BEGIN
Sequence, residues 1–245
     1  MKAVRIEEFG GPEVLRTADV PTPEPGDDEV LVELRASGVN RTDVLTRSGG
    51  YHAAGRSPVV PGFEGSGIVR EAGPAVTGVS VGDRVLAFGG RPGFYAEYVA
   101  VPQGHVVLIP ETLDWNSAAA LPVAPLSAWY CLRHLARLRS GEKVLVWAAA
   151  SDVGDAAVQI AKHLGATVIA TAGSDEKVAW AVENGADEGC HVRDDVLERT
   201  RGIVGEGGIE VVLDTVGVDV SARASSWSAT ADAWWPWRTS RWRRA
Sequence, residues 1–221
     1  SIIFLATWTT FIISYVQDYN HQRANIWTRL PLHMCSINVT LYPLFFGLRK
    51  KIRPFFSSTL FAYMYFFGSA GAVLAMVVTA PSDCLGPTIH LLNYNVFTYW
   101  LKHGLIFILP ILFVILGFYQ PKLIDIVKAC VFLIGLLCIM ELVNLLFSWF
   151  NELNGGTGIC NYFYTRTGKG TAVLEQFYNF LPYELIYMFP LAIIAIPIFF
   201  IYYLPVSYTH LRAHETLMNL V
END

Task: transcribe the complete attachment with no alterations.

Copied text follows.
Sequence, residues 1–245
     1  MKAVRIEEFG GPEVLRTADV PTPEPGDDEV LVELRASGVN RTDVLTRSGG
    51  YHAAGRSPVV PGFEGSGIVR EAGPAVTGVS VGDRVLAFGG RPGFYAEYVA
   101  VPQGHVVLIP ETLDWNSAAA LPVAPLSAWY CLRHLARLRS GEKVLVWAAA
   151  SDVGDAAVQI AKHLGATVIA TAGSDEKVAW AVENGADEGC HVRDDVLERT
   201  RGIVGEGGIE VVLDTVGVDV SARASSWSAT ADAWWPWRTS RWRRA
Sequence, residues 1–221
     1  SIIFLATWTT FIISYVQDYN HQRANIWTRL PLHMCSINVT LYPLFFGLRK
    51  KIRPFFSSTL FAYMYFFGSA GAVLAMVVTA PSDCLGPTIH LLNYNVFTYW
   101  LKHGLIFILP ILFVILGFYQ PKLIDIVKAC VFLIGLLCIM ELVNLLFSWF
   151  NELNGGTGIC NYFYTRTGKG TAVLEQFYNF LPYELIYMFP LAIIAIPIFF
   201  IYYLPVSYTH LRAHETLMNL V